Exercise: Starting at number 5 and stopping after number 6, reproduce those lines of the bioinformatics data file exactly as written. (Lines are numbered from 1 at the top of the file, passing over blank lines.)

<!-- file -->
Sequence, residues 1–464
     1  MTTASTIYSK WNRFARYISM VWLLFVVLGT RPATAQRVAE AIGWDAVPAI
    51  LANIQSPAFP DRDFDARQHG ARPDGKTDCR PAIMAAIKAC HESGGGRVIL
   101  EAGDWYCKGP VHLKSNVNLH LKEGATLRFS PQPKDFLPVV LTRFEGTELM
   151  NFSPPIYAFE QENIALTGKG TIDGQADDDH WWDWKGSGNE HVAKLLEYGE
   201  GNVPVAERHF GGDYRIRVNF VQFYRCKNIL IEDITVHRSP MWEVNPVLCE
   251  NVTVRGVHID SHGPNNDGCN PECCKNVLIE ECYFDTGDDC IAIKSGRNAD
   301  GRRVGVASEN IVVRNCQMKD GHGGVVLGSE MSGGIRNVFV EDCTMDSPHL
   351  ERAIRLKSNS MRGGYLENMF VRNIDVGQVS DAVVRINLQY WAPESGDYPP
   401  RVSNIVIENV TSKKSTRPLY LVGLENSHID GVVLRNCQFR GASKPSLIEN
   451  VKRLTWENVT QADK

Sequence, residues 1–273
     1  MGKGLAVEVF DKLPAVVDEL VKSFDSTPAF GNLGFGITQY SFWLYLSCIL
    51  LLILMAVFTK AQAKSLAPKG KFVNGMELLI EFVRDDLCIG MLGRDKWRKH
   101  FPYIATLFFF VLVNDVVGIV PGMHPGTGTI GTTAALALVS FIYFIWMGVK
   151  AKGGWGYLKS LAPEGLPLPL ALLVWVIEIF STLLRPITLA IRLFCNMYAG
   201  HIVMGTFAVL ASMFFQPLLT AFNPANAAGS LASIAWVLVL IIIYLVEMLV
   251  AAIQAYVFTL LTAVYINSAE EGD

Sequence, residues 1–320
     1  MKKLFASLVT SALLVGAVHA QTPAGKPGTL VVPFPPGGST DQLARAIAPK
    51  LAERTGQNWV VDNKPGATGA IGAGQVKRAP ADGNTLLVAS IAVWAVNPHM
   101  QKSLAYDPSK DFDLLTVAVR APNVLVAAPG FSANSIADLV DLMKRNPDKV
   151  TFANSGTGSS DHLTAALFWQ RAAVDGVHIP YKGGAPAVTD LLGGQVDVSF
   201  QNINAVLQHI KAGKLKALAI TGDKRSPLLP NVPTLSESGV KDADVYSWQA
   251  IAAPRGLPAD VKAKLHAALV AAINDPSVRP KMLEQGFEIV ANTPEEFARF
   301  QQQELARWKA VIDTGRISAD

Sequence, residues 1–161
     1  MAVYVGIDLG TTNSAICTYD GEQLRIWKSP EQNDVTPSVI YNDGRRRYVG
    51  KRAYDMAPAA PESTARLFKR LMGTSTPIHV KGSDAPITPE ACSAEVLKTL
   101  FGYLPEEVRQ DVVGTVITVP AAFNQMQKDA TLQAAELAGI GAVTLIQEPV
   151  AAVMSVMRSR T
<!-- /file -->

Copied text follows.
   151  NFSPPIYAFE QENIALTGKG TIDGQADDDH WWDWKGSGNE HVAKLLEYGE
   201  GNVPVAERHF GGDYRIRVNF VQFYRCKNIL IEDITVHRSP MWEVNPVLCE